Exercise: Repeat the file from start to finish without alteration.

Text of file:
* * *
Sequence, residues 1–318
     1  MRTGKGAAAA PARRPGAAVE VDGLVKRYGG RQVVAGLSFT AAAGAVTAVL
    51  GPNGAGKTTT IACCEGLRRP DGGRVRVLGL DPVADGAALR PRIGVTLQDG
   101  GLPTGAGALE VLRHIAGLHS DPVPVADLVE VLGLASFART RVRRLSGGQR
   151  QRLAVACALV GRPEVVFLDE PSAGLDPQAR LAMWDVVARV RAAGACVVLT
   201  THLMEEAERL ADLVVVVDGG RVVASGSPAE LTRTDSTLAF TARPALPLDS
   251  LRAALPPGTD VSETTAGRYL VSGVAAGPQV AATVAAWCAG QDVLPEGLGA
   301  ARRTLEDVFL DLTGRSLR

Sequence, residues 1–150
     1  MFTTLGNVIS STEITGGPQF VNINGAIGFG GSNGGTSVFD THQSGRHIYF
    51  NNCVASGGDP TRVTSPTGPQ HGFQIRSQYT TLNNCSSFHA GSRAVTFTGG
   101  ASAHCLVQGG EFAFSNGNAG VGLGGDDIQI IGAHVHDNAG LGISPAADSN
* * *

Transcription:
Sequence, residues 1–318
     1  MRTGKGAAAA PARRPGAAVE VDGLVKRYGG RQVVAGLSFT AAAGAVTAVL
    51  GPNGAGKTTT IACCEGLRRP DGGRVRVLGL DPVADGAALR PRIGVTLQDG
   101  GLPTGAGALE VLRHIAGLHS DPVPVADLVE VLGLASFART RVRRLSGGQR
   151  QRLAVACALV GRPEVVFLDE PSAGLDPQAR LAMWDVVARV RAAGACVVLT
   201  THLMEEAERL ADLVVVVDGG RVVASGSPAE LTRTDSTLAF TARPALPLDS
   251  LRAALPPGTD VSETTAGRYL VSGVAAGPQV AATVAAWCAG QDVLPEGLGA
   301  ARRTLEDVFL DLTGRSLR

Sequence, residues 1–150
     1  MFTTLGNVIS STEITGGPQF VNINGAIGFG GSNGGTSVFD THQSGRHIYF
    51  NNCVASGGDP TRVTSPTGPQ HGFQIRSQYT TLNNCSSFHA GSRAVTFTGG
   101  ASAHCLVQGG EFAFSNGNAG VGLGGDDIQI IGAHVHDNAG LGISPAADSN